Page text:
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Despite revenues and expenditures being on target for this fiscal year and a somewhat more generous Consumer Price Index (CPI) for the 2010 tax levy, District 202 will need to make budget reductions for the 2011 fiscal year, according to a report presented to the School Board on Jan. 26.
“There are several concerns related to District revenues,” reported Chief Financial Officer William Stafford. Revenues have decreased for several reasons, Mr. Stafford said, such as a drop in property tax collection rates because of foreclosures and the general economy; an increase in property tax appeals; and the elimination or reduction of categorical revenues such as textbook funds, Perkins grants and bilingual funding. In addition, interest income is low, as current rates are less than 1 percent.
One positive note is that the CPI for the 2010 levy is 2.7 percent, “which is better than this year’s 0.1 percent, but it is still a modest increase,” said Mr. Stafford.
On the other side of the equation, “expenditures continue to increase, based mainly on labor agreements that are in place,” Mr. Stafford continued.
He said that this year, nearly 20 teachers and administrators are scheduled to retire, providing the opportunity to reduce staff at least partly through attrition rather than a reduction in force.
Mr. Stafford told the RoundTable later that lower projected student enrollments would lessen some of the impact of the possible loss of teaching positions from budget cuts.
Plan A and Plan B
“We are developing a plan A and a plan B … for budget reductions” for the 2011 fiscal year, Mr. Stafford told the Board. “Plan A is out of our current revenues and expenditures. … We’re vetting that process now. … We’re working with PMA” (the District’s financial consultants).
In addition, if there are further reductions in state grants, “we want the board in a position [to have] alternatives [so that] we’re not between a rock and a hard place,” Mr. Stafford said, referring to a plan B budget.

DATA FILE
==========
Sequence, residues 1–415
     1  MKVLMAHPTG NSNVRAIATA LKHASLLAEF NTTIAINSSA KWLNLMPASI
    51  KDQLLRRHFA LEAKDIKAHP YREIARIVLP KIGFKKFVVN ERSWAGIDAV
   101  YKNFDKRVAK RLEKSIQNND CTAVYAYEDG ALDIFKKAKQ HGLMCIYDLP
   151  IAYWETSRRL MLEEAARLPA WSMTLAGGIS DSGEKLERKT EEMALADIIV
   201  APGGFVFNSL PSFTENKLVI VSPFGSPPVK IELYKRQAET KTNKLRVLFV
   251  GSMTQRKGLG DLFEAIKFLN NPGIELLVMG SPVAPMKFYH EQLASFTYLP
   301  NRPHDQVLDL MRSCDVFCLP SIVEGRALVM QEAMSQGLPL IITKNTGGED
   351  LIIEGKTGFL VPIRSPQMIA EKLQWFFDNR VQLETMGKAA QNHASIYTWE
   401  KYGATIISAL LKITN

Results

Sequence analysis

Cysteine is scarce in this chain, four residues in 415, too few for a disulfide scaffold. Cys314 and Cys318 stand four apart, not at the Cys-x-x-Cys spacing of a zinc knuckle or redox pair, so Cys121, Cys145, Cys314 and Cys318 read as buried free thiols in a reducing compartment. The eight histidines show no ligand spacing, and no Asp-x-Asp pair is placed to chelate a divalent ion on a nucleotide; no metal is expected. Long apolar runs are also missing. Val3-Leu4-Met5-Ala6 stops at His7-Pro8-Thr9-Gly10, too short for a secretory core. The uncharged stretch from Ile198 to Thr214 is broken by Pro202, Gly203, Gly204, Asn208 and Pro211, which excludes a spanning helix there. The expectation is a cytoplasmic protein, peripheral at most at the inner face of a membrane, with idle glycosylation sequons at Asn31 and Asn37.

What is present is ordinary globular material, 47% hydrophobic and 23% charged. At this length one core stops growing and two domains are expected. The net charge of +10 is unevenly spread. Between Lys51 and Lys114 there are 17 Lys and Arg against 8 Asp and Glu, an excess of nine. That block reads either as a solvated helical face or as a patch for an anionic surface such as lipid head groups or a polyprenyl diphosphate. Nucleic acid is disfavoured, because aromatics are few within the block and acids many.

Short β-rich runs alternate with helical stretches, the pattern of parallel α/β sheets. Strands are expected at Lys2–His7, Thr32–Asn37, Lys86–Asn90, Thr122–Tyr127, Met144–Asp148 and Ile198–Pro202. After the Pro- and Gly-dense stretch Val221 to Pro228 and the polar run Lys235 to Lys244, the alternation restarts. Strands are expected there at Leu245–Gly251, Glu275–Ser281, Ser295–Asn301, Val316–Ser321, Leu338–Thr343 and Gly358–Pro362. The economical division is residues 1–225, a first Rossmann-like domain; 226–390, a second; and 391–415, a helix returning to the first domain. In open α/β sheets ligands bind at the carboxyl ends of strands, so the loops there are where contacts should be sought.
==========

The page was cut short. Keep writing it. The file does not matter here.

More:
“I think it’s very important for us to see alternative scenarios – worse and worser,” said Board member Gretchen Livingston, “because I’m not sure there’s anything bright on the horizon.”
Board Vice-President Jane Colleton asked, “How low can we go with the working cash fund? I know that when we’re put to the test, there are a lot of people who will say ‘spend that money, the time is now.’”
“We could go as low as 33 percent [in reserves] without having to borrow,” responded Mr. Stafford. But he cautioned, “You don’t want to get yourself into a position that affects your bond rating.”
Superintendent Eric Witherspoon added another concern about spending cash reserves in a continuing poor economy.
“There might be times when you’re in a financial tough spot and you decide to spend down the reserves a little bit to make ends meet, but remember, that means we’re in a deficit budget. That can work if you have one year where something occurred, where you just had to put something together. But unless we’re optimistic that this economy is going to improve in one year and the State of Illinois situation is going to be fine in one year, to dip into those reserves would be very short-sighted.”
Mr. Stafford said that necessary budget cuts will be identified over the next month or so and “as the administration continues to refine its class schedules and financial outlook, we will continue to keep the Board updated.”